Mike Chu doesn’t smell a thing. Not anymore. After 15 years working amid the salty, vinegary stench that swirls in the nostrils at this pickle shop on the Lower East Side, Chu is immune.
The sour aroma, oddly enjoyable, emanates from 29 barrels of fermenting vegetables that account for about half of the storefront on Essex Street, just below Grand Street.
“The only time I smell anything is on my day off when I do laundry and smell it on my clothes,” said Chu, a longtime employee at The Pickle Guys. “My girlfriend says my car smells like pickles.”
The Pickle Guys is the lone pickle shop in a neighborhood that used to be rife with them. It’s small, about 700 square feet, and dim. An assembly of burnt orange plastic barrels – filled with everything from pickles to pineapple to olives to okra – offers an array of briny goods, fresh and cured on the premises.
To the left as you enter, passing through the open doors and under the bright green awning, a black sign with white lettering reads, “Under the Rabbinical Supervision of Rabbi Shmuel Feshelis” – everything at The Pickle Guys is kosher.
The menu is eccentric. Of course, there are the pickles, at least a half dozen varieties that range in sourness. Carrots and cauliflower, celery, green tomatoes, grape tomatoes, baby corn, all sorts of peppers, green beans, turnips, mushrooms and more. Seasonal options include watermelon. All pickled.
The selection has grown over the years. The Pickle Guys concocted recipes and took suggestions from customers. The apples and lemons never caught on, but the pineapple — preserved in a blend of cinnamon, cloves and sugar vinegar – is a favorite. An employee from Trinidad suggested that one, Chu said.
On a good day, customers will find owner Alan Kaufman working the store. He’s been in the pickling business for three decades. He talks of the “old timers,” the men who used to operate the many pickle boutiques – about 40 in the Lower East Side, Kaufman said, beginning in 1910 – and who taught him the trade. He opened The Pickle Guys in 2001 after years of overseeing the operation at Guss’ Pickles. When Guss’ owners sold the naming rights, and left Essex Street, Kaufman opened his own place right down the block.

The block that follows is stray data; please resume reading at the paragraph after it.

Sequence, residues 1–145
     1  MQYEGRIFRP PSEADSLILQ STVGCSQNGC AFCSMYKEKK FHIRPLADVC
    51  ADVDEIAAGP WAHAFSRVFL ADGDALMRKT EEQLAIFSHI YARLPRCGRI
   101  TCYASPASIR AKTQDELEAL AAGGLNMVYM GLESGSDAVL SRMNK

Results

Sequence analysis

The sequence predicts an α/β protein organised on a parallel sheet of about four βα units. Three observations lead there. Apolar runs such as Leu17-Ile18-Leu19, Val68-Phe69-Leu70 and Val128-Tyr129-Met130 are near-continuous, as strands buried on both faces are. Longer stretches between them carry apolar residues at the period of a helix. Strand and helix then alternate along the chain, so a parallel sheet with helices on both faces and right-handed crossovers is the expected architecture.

Everyone is Kaufman’s friend. Walk in the store, and you’re his “buddy,” a refrain Chu has adopted too. It’s not uncommon for Kaufman, 53, a man with a brownish-gray goatee and slight New York twang, to refer to a male patron as “handsome.” His laugh, which he lets loose often, has a hitch at its start that evokes the cartoon Porky Pig.
The Pickle Guys go through a ton of cucumbers – 2,500 pounds a week, actually – and business picks up around the Jewish holidays, when Kaufman said regulars from Connecticut, Pennsylvania and Maryland visit.
During Passover, The Pickle Guys grind horseradish at a table in front of the store, churning fresh, spicy root all day long. This is no easy task — employees wear a gasmask if on duty.
One recent afternoon, a middle-aged man, tall, graying, mostly bald, wearing a blue suit and purple tie, walked in the store. It had been just two weeks since his last visit, but he was greeted like a relative who hadn’t been seen in years.
The customer, David Kaufmann, a lawyer and native New Yorker, shares a last name with the man providing the hearty welcome. But there is no relation.
“Dave! Been a while,” Alan Kaufman said. “How are the kids?”
When his two sons were young, David Kaufmann – who said, “Same last name, but I paid for the extra N,” – would make trips to the store with his children in tow. They’re in college now.
David Kaufmann’s haul for the day included three kinds of tomatoes: cherry, blush sours and regular sours.
“Stuff you can’t get anywhere else in the world,” he said.
Before going, he had one more request for Alan. David Kaufmann asked if the pickle man behind the barrels would allow him to record a message to send to his two boys away at school. Alan obliged and David drew his phone from his pocket.
“These are my pickles!” Alan beamed into the phone. “You better get down here if you want my pickles!”